Designed for teams of 50 people or less, LastPass for Teams is exactly what you might expect if you’ve read any of our previous blog entries covering LastPass’ features.
Small and medium size businesses can often struggle to keep up with security; as IT engineers, it’s our job at Geek Guru to make sure we help you to keep your sensitive data secure – and a good place to start is with the passwords that are used to secure all of your data.
Passwords to accounts and other details or potentially sensitive information are often stored in a very insecure way on business networks or offices, especially when they need to be used by more than one person – in a spreadsheet or word processor document, for example, or written on a scrap of paper or a post-it on someone’s desk. Some people deal with being unable to remember multiple passwords by using the same password across all of their logins – which is incredibly insecure, and makes things easy on potential hackers!
These methods do not only put your data at risk, they’re also frustrating; sometimes people can forget to update the document with a new username or password if they change it, meaning anyone who tries to log in using the old data can’t access what they need to – costing your business time and money, and potentially causing stress and frustration to employees and colleagues alike.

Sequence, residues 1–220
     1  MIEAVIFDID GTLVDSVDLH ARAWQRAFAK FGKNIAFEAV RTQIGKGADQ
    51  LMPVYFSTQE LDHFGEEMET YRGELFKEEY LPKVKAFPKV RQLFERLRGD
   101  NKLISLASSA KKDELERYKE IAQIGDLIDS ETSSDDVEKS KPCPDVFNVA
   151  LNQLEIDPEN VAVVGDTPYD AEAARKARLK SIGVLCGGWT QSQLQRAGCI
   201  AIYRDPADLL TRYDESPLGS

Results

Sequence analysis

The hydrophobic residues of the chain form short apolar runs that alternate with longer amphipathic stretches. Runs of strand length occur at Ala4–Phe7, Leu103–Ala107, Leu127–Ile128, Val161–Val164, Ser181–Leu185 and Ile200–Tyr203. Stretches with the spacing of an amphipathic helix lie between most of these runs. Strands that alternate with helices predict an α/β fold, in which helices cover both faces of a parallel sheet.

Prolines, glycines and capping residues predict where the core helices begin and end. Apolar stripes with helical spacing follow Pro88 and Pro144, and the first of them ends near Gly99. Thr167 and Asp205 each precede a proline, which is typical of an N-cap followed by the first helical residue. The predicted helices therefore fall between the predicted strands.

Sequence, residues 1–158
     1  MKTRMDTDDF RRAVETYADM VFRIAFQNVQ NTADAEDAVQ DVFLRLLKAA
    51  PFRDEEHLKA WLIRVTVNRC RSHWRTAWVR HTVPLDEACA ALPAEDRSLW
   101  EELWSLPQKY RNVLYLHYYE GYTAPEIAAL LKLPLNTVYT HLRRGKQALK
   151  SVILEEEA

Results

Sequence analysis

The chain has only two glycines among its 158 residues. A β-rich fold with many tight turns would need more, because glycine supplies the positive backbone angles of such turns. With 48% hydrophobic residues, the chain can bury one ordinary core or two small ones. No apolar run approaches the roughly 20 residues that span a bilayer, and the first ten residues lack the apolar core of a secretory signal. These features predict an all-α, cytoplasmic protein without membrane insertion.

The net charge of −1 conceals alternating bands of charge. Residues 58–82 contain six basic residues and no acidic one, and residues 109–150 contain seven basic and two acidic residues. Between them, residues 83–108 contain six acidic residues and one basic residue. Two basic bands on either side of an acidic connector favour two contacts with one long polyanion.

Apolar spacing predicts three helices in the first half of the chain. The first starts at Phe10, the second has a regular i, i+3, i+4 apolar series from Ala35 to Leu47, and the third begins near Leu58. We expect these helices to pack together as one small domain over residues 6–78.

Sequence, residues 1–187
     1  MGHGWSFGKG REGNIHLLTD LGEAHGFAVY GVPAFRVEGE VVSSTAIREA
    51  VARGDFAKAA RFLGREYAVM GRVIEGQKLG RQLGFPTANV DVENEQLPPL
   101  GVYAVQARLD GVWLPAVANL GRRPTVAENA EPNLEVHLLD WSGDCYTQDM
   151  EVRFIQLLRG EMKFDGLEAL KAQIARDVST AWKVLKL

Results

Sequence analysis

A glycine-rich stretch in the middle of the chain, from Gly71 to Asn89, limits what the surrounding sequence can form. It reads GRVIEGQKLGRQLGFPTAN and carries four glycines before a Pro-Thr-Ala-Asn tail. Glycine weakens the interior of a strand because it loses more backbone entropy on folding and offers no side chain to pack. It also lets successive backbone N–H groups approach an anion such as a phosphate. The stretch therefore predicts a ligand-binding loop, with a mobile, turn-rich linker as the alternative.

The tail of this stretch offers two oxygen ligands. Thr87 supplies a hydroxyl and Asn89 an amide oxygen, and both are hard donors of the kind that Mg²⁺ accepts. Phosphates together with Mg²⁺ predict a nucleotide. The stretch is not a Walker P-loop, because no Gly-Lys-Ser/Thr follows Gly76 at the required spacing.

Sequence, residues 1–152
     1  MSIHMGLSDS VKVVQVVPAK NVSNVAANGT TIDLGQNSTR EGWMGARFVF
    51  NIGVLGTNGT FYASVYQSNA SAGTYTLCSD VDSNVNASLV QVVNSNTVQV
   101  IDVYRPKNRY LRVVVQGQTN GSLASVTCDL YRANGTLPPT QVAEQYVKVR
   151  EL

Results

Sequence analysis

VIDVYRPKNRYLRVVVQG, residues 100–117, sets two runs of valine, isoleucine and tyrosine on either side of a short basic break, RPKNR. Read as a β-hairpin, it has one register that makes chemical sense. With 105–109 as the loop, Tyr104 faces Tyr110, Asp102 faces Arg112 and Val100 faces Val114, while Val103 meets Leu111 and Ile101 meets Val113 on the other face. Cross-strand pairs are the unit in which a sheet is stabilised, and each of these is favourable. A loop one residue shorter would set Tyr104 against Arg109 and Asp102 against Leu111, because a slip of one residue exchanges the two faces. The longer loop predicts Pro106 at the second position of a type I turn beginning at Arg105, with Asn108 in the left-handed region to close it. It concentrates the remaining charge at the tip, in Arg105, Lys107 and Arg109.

Picture it: Spending half an hour trying to find whoever it was who changed the password, finding out they’re on annual leave, and eventually making the decision to reset the password, yet again – and potentially not updating other users as to what the new new password is… It causes a wholly unnecessary break in productivity.
With LastPass, each user has their own personal login, but can read from a securely-stored shared database of passwords, as set by the administrator. When someone makes a change to data that’s shared with multiple users within LastPass, it will automatically share the change with all other users who have access to the shared information – meaning everyone gets the updated credentials, and no one is left locked out.
Using LastPass also means everyone is given their own personal Vault with the same level of security as individual accounts – users no longer need to reuse the same password for several accounts in order to remember it, eliminating another potential security risk.
Next time on our blog, we’ll be going a bit further in explaining some of the other parts of LastPass for Teams, such as the Admin Control Panel.